SangYup Lee believes traditional controls are a lot safer than digital controls.
Hyundai is committed to using traditional controls for many more years, with SangYup Lee telling Cars Guide that physical knobs and buttons are a lot safer than their digital counterparts.
"We have used the physical buttons quite significantly the last few years," said the head of Hyundai design at the launch of the new Kona and Kona Electric. "For me, the safety-related buttons have to be a hard key." Lee, who was recently awarded the honor of 2023 World Car Person of the Year, said physical buttons will continue to be used, particularly when it comes to climate and audio controls.
He added that digital screens are more cumbersome and distract motorists for more extended periods. "When you're driving it's hard to control it, this is why when it's a hard key it's easy to sense and feel it."
Last year, the findings of a Swedish automotive study echoed Lee's sentiments; touchscreens are not only tougher to navigate, but force drivers to take their eyes off the road for longer than they should. Participants struggled to complete simple tasks quickly which was a cinch in an older vehicle with traditional buttons and dials.
While Hyundai's head of design is keen on physical controls, he concedes that touchscreens will be the new normal in Level 4 autonomous cars. "We will continue to have [physical dials]," he said. "When it comes to Level 4 autonomous driving, then we'll have everything soft key, but until then, as I said when it comes to driving it's safest to have your eyes on the road and your hands on the wheel."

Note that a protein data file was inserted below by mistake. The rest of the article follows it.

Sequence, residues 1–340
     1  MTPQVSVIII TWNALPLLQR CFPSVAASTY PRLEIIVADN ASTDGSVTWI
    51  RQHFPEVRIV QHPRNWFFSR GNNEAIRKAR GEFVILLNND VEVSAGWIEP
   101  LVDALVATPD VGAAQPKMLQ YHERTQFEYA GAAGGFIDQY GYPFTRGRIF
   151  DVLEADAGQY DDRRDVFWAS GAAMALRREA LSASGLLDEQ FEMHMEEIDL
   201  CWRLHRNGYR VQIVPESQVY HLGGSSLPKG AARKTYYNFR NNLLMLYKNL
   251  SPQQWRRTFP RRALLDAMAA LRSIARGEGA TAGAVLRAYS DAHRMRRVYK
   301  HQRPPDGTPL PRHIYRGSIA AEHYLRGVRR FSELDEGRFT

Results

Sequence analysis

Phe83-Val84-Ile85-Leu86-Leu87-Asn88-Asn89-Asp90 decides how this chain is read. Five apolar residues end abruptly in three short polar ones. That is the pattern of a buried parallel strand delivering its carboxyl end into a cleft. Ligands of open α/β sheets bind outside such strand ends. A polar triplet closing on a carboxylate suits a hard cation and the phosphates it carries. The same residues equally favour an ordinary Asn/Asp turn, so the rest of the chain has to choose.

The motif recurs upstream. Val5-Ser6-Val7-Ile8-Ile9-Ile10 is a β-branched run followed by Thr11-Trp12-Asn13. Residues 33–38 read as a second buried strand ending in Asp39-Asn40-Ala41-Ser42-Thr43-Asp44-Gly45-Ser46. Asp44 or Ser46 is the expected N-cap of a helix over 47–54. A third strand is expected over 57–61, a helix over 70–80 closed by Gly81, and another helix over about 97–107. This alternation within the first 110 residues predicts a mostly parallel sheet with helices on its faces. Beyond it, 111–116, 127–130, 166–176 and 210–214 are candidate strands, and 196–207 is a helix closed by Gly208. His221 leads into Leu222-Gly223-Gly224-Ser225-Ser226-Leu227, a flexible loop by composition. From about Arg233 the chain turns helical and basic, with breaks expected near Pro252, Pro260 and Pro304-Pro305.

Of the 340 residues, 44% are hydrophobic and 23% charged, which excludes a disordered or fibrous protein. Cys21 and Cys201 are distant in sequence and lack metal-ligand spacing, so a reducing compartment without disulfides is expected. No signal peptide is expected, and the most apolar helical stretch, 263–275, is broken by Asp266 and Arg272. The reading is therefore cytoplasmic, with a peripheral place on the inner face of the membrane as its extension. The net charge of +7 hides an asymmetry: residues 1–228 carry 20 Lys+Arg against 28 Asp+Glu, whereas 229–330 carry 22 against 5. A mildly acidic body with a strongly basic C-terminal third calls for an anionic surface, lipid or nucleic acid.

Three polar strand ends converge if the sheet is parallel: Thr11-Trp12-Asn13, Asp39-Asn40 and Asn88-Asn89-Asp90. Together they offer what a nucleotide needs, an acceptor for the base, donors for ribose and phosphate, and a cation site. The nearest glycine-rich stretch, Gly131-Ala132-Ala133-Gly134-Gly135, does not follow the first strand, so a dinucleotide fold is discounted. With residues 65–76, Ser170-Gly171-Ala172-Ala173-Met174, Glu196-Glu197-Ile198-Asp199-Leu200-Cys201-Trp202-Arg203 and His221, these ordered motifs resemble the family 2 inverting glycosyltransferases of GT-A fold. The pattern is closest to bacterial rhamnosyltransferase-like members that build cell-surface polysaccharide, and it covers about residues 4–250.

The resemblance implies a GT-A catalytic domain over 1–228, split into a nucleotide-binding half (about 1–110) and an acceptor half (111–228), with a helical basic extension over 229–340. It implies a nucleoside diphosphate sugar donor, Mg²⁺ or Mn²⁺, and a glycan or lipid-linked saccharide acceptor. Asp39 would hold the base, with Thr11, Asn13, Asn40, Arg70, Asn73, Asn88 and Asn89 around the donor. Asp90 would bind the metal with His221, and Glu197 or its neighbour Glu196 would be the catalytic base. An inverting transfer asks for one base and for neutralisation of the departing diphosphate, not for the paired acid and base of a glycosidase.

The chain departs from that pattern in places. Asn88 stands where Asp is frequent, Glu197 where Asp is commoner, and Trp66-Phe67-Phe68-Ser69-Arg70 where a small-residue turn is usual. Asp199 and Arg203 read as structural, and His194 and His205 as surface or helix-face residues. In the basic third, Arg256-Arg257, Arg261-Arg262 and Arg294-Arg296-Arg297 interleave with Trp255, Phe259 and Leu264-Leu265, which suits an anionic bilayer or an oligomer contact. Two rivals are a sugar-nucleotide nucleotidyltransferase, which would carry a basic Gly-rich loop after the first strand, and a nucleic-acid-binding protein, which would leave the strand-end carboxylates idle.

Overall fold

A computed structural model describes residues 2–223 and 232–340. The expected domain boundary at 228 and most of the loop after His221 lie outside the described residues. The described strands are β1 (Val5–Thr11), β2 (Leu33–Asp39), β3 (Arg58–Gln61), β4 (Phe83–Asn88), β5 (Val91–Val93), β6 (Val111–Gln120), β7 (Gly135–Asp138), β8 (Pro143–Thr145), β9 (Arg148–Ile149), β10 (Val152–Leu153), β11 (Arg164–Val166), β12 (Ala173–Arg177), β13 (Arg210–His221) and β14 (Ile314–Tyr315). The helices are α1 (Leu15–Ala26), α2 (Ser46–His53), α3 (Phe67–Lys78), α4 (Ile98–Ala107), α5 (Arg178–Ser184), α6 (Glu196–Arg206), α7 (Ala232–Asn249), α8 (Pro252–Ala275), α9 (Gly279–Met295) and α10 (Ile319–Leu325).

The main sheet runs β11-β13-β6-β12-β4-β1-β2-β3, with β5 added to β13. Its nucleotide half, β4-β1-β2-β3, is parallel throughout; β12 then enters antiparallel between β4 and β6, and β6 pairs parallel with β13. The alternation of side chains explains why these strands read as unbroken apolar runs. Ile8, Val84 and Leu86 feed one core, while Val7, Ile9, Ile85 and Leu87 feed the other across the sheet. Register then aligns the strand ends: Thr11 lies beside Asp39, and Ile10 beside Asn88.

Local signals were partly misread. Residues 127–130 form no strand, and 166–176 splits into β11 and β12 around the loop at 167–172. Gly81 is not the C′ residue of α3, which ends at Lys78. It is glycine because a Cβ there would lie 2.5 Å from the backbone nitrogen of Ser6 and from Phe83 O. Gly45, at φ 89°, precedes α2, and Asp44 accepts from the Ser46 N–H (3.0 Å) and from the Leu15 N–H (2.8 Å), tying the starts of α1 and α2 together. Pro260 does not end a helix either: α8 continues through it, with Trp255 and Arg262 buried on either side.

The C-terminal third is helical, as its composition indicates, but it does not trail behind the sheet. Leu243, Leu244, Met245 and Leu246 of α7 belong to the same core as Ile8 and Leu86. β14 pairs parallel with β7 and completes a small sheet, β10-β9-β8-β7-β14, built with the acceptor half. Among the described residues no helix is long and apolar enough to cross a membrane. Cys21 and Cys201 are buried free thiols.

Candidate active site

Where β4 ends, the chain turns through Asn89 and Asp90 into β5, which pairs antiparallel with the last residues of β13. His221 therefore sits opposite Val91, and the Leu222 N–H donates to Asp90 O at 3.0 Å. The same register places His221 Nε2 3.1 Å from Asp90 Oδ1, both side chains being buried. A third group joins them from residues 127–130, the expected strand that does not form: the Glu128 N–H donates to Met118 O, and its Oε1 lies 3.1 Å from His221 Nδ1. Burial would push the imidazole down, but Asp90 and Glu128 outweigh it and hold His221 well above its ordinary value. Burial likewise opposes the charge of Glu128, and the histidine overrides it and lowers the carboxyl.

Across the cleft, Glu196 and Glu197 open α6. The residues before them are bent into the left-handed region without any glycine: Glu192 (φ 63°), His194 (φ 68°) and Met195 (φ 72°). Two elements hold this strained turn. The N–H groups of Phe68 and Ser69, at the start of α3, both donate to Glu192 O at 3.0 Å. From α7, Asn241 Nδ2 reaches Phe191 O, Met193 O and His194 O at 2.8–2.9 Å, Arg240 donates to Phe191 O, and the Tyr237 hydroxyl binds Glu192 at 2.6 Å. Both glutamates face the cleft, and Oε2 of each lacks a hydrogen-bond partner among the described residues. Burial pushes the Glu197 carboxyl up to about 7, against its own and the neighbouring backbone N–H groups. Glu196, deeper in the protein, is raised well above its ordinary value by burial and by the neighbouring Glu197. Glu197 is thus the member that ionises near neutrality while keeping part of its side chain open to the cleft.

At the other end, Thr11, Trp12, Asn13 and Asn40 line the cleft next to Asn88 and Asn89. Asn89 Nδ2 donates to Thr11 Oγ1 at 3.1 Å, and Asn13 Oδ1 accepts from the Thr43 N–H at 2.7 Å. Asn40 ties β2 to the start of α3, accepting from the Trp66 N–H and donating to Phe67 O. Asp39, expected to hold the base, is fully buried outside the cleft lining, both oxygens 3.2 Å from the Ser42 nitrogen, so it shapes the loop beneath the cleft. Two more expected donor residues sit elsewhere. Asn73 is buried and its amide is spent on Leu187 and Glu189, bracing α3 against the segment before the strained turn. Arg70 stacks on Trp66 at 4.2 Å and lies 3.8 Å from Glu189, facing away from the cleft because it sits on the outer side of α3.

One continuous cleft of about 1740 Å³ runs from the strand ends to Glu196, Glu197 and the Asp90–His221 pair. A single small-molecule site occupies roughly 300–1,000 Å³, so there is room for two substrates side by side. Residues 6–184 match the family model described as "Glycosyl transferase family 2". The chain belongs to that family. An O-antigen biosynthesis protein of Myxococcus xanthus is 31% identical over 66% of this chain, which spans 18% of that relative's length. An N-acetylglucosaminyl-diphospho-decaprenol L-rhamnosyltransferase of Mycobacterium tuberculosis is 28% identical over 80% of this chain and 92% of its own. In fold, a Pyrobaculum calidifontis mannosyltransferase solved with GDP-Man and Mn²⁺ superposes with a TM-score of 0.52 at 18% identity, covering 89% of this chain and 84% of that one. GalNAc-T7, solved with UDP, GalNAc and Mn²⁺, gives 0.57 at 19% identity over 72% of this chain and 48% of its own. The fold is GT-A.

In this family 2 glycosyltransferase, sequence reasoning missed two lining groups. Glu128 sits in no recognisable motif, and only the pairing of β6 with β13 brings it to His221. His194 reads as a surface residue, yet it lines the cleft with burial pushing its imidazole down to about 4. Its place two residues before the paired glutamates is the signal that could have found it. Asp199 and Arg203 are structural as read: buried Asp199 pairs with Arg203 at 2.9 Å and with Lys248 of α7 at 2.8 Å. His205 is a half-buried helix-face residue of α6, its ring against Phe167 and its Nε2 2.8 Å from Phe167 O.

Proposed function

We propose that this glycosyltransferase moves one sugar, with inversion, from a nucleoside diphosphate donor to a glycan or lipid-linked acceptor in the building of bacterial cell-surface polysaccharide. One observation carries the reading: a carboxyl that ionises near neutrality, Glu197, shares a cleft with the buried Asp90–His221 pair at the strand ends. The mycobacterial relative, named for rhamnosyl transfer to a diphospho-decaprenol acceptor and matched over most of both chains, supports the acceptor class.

Even then, we expect Hyundai's solution to be refreshingly simple, as its Mobis division last year revealed its Quick Menu Selection proximity touchscreen that can anticipate a user's needs.
From entry-level models to the most expensive luxury vehicles, touchscreens have become mainstream in car cabins. It certainly looks clean, brings an air of modernity and minimalism, and can be very impressive. However, it's common knowledge that they complicate the task of commuting.
Some vehicles, especially modern Peugeots and Citroens, have ridiculous HVAC controls that force the driver to dive into submenus to simply change the temperature. And why? Because it reduces cost and saves the manufacturer money.
Physical buttons may look old-fashioned, but they're safer to operate and make for a more harmonious driving experience. That's why Mazda is so hesitant to use touchscreens in the first place and utilizes a traditional scroller wheel instead. The automaker takes criticism for this, but that's why Germany's ADAC has lauded the compact 3's infotainment system as the safest and most ergonomic of them all.
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